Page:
The term ‘gentrification’ first appeared in print in a journal article by Ruth Glass in 1964 (Atkinson, 2002). Though the process of gentrification pre-dates this and Carter (1995) notes that gentrification was affecting New York City as early as the First World War.Gentrification is a process of physical, social, economic and cultural changes in inner-city communities resulting from the influx of new people. It is normally associated with less affluent, often working class, inner-city communities which are transformed into more affluent, middle/upper class, communities by the upgrading and modernisation of buildings, resulting in increased land values and the removal of less affluent residents.
Slater (2004) comments that gentrification is a highly complex issue that is very difficult to define precisely. Though most definitions include the word ‘class’, which is itself a complex issue, the essence of gentrification is the influx of different people to those already there. It is an extremely visible process where the new people change the character of the existing community.There are many contributing factors that affect whether gentrification occurs in a specific location though it is very difficult to predict whether or when change will occur. On the supply side you need areas that are ripe for redevelopment in either having a large stock of dilapidated often architecturally interesting buildings or ‘brown-field’ sites of post-industrial land. The ability to make a capital profit seems to be a key factor.The factors affecting the demand side, the pool of those able to gentrify, are wide ranging and highly complex and not all are involved in a specific location. Primary the pool exists because of changing employment structures allowing people with high disposable incomes to take advantage of low land values comparable to other areas and to grow their personal wealth.
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But this is very simplistic and age, education, gender (specifically the increase in single women), sexuality, race, lifestyle choice and possibly religion have an enormous influence over why and the way in which different areas experience gentrification.Gentrification has many costs and benefit but it seems to fail to address the fundamental causes of deprivation and urban decay in some of the least affluent parts of society. It will be interesting to see if the London Olympics 2012 which is to take place in the 3rd poorest borough in England, Stratford East London will benefit the existing local community or whether it is to be the new Docklands waiting to be discovered by the next wave of gentrifiers.Who are the ‘winners’ in the gentrification process?There are many benefits of the gentrification cited but Atkinson (2002) has highlighted the lack of research into the empirical benefits of the process. The following are the most commonly mention benefits:* Boost to city tax revenues* Increased property values* Increased social mix* Improvements to local services* Improvements to the physical environmentIt is often the young, 25-35, who are highly educated, highly skilled and highly paid who are the main beneficiaries of the process (Slater, 2004). Richards (2005) comments on the changes to her community of Newington Green, an area which has experienced gentrification since 2000.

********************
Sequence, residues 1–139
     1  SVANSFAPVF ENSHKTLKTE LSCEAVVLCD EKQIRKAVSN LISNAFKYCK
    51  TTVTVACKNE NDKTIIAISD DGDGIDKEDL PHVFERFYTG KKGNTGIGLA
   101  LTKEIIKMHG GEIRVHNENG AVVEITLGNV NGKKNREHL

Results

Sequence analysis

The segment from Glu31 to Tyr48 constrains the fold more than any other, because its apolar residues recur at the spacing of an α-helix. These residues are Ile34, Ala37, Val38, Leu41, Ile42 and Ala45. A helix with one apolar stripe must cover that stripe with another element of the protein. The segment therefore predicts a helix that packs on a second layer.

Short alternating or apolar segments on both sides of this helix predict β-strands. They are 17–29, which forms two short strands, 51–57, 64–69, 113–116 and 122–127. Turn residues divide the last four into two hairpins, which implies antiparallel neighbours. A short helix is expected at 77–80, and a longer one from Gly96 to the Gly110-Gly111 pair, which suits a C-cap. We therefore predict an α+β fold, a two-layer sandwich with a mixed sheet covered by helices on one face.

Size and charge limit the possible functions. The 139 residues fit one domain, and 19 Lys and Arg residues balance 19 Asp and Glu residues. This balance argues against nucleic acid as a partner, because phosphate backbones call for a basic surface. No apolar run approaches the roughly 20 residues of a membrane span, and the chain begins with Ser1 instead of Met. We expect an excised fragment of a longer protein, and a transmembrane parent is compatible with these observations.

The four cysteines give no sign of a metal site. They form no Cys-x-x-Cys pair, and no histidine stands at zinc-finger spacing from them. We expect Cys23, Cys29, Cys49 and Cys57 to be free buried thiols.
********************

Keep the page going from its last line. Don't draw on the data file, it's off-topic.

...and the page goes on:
There has been a reduction in poverty, crime, prostitution, drug and alcohol abuse and a corresponding increase in new white middle class professionals, building restoration, bars, cafes, restaurants, estate agents, pedestrian schemes, landscaping of the green and new children’s play equipment to name but a few. She concludes that ‘it feels better, safer place to live’.Who are the ‘losers’ in the gentrification process?The main disadvantage continually cited within the literature is the displacement of less affluent households due to increasing rent/property prices but the following are also mentioned (Atkinson 2002):* Community conflict* Racial tension* Landlord harassment* Lower population densities* Greater demand on local spending by incoming affluent householdsThe literature also indicates that there is a much wider set of costs compared with benefits of gentrification. Again in Newington Green (Richards, 2005) there are many examples of ‘losers’ in the process.